In my first assignment I began to deconstruct my view of a leader as “libertarian paternalist” (Sunstein and Thaler, 2008) and I was left with a Moses who could see the Promised Land but did not know the path to get there. This process of deconstruction continued and now Moses has realised the Promised Land does not exist at all. On this course I have read over and over again about the VUCA (Volatile, Uncertain, Complex, Ambiguous) world we live in, but in 2016 I really experienced it. If the “heroic, strategic thinker who can envision viable futures and the path to those futures” is unable to face the “complex, ever-changing challenges” (Bushe and Marshak, 2016) of a VUCA world, where does that leave me? How can I move past my paralysis? It is time to go back to primary school (which my daughter begun this year) and throw out all my old learning and assumptions. It is time to begin again with childhood’s “experimental learning” (Dewey, 1915) and examine the “wicked problems” (Rittel and Webber, 1973) my organisation faces that I have not been able to solve to date. A “wicked problem” is one with “many stakeholders with different values and priorities”; “roots [that] are complex and tangled”; a problem that “changes with every attempt to address it”; which “has no precedent”; and “nothing to indicate the right answer” (Camillus, 2008). I have chosen the call-handling issue we have with the First-Line Support team. The stakeholders run into the thousands if you consider every member of our company, our client companies, and our suppliers. I cannot know all the values and priorities of those individuals. The roots are certainly “complex and tangled” (Camillus, 2008) and the problem has changed following each attempt I have made to resolve it. It has no precedent as I have not faced this problem and succeeded in the past and there is “nothing to indicate the right answer” (Camillus, 2008) which explains why I have developed a deep frustration for it as an issue over more than a year. I have reached the point of trying to convince myself it is not that important in a desperate attempt to save my sanity.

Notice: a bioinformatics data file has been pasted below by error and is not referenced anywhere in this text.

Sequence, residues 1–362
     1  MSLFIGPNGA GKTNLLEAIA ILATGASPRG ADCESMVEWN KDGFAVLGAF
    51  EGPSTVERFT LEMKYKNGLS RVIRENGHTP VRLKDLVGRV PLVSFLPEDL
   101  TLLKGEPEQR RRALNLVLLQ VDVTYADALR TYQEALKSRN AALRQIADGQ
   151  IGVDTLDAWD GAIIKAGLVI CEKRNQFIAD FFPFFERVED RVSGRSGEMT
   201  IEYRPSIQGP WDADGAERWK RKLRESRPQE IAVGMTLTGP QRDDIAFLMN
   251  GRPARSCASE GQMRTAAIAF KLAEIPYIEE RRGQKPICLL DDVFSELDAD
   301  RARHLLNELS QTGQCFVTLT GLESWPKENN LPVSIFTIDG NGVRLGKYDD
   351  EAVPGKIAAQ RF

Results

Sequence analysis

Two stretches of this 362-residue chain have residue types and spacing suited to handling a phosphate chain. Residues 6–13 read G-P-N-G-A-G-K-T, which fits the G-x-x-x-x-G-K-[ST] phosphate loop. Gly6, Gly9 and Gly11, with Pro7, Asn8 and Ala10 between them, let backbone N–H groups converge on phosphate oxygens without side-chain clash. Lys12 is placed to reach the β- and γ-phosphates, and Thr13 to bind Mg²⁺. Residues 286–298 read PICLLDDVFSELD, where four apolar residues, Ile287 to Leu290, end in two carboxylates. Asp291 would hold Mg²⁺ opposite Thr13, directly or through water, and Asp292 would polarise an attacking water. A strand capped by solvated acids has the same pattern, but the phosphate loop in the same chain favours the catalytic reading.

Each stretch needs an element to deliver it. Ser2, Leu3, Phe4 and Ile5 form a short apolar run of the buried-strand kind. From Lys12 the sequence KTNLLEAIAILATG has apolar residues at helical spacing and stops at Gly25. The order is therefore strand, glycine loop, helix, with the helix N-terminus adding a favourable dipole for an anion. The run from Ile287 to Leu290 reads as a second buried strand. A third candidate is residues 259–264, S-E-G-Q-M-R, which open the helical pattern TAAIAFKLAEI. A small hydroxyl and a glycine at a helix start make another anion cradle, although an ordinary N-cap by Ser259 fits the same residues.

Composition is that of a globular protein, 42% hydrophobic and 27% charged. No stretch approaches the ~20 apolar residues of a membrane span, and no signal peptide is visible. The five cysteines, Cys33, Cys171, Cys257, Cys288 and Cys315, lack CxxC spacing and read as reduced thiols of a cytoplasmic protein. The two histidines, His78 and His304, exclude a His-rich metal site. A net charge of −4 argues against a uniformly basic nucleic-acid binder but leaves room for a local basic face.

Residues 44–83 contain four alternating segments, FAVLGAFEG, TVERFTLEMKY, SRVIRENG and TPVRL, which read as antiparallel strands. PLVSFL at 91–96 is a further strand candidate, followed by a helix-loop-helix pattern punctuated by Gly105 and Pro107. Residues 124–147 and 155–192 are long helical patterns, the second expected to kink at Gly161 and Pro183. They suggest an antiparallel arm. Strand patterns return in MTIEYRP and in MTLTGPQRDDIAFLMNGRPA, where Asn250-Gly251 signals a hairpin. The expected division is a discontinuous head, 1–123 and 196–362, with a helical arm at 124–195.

I care so much about this particular problem because it is more than important. It is fundamental. Our business is founded on one principle: to keep our clients operational. It is why we are here as an organisation. When someone calls the Technical Support desk they have an issue that is stopping them from working and we need to address it promptly. The client often believes that the quickest way to resolve their issue is to speak to the member of the team they remember. That might be the last person they spoke to or it might be the salesperson or the project manager. The client is occasionally right in this assumption; but, as the team grows, the probability of them being incorrect increases exponentially. We will always know the expertise of our team better than the client does. When I first came to this issue, in 6 out of 10 cases the First-Line Support team would agree with the client and transfer them to the named person without any fact-finding. If First-Line could not get hold of the named colleague (in 15-20% of cases) they would email internally with the instruction to call the client back. Meanwhile, the client remains not operational and the process of finding the right person for the actual issue is no further towards a conclusion. Worse than that, the process is paused until that individual picks up their email which might not be for 24 hours.